Teaching kids to think using Scratch

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This page is a followup to my K12 Online Conference 2010 presentation, and is a work in progress!

OK, first of all, here's the video I made for K12 Online 2010... start with that, then take a look at the other links on this page.



As a follow up to my 2010 K12 Online presentation “Teaching kids to think using Scratch” I plan to start collecting lots more Scratch programming resources on this page. As I made the presentation for K12 Online it became very obvious to me that the 20 minute time limit wouldn’t let me dig into the Scratch software nearly as much as I would have liked. Over the next little while, I’ll be adding a whole lot of Scratch links, tools and ideas here. Stay tuned!

In the meantime, are you playing with Scratch? You should! Go grab yourself a copy from http://scratch.mit.edu and get programming! Better yet, get your kids programming! Trust me, they'll love it!

Where do I start?


Extra Resources




Connecting to the Real World




Blog posts about Scratch you might like to read


Real Stories

I asked my students to tell us about some of the projects they've been wotking on... Here's what they said...





Scratch 2.0

Welcome to Scratch 2.0! It's still the same familiar Scratch we all love, but with some major improvements and advances. When it was still in beta, before it was officially released, I made this short video just to walk you through some of the bigger changes and to introduce you to the new interface.



Scratch 2.0 is web-based, so no software installation needed. It also requires you to make an account if you want to save your work so it really encourages students to log in. This leads them into the idea of remixing others work, looking at the code behind other people's projects, and being a more active member of the Scratch community. A huge cheer to Mitch Resnick and the team at MIT for their work on this release!… Scratch is a fantastic resource for education and it leads the way as a tool for teaching computational thinking to younger students.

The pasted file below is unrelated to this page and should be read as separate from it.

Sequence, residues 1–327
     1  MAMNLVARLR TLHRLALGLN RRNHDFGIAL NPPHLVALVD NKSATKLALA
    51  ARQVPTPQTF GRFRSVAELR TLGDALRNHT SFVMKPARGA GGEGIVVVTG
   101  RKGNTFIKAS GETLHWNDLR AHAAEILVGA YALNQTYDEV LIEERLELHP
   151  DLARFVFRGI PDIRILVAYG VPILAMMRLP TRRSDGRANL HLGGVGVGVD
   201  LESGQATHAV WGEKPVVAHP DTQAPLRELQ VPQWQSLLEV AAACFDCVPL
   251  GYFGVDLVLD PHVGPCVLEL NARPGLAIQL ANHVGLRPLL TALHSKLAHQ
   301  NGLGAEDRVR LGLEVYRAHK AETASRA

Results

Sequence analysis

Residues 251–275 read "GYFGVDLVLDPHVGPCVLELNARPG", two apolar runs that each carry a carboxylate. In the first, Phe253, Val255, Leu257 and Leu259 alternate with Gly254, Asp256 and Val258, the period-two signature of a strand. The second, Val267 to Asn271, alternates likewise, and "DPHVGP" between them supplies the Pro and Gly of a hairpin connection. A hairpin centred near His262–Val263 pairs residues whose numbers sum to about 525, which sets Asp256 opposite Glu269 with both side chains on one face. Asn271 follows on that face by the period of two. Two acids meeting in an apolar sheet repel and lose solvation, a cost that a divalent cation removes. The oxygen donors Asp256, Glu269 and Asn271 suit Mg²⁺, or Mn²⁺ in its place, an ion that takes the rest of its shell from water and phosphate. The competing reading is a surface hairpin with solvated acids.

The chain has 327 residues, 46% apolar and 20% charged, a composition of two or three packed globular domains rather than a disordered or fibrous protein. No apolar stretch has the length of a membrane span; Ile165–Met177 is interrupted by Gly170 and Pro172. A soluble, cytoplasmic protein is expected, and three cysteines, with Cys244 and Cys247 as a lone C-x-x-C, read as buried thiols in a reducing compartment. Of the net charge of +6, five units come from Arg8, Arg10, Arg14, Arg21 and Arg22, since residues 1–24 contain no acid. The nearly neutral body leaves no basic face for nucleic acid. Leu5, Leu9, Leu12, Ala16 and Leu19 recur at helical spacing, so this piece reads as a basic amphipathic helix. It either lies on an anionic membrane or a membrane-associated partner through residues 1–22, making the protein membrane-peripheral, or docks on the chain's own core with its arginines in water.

The Scratch Project Clearinghouse

In an interesting comment thread on my blog it was suggested that, while Scratch tutorials are obviously useful, they are also relatively easy to find. What isn't so easy to find is a good collection of really good, really challenging Scratch problems; programming challenges that teachers can offer to kids that are solved by creating interesting Scratch solutions. As is so often the case, it's not the finding the answer that is the problem, it's coming up with really good questions!

To that end, I've suggested creating a clearinghouse of good Scratch projects. I'm hoping it could be developed into an ongoing resource that teachers can browse through to find great examples of graded Scratch challenges that kids will enjoy working on.

Sound like a good idea? If you're interested in contributing to this project in any capacity at all, please add your name and Twitter handle to the list below. I'll organise an online space where you can contribute, and if you think it worthwhile, a couple of live sessions on Skype or Adobe Connect where we can gather for a chat.

  1. Chris Betcher, @betchaboy
  2. Martin Levins, @martinlevins
  3. Patrick Woessner, @pcwoessner
  4. Mike Renne, @article26
  5. Cam Bennet , @cdbennet
  6. Adrian Bruce @adrianbruce